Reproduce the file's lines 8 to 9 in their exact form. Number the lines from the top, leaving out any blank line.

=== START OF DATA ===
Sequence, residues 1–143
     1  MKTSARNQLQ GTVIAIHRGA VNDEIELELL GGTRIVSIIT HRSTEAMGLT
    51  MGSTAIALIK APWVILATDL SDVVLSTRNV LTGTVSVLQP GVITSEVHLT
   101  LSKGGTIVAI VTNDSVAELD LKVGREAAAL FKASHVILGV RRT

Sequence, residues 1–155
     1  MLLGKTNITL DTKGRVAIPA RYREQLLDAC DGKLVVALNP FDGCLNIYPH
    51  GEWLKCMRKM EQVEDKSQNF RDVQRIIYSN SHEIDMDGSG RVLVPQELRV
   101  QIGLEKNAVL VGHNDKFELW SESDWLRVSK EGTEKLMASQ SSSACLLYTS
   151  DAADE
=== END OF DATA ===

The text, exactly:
   101  QIGLEKNAVL VGHNDKFELW SESDWLRVSK EGTEKLMASQ SSSACLLYTS
   151  DAADE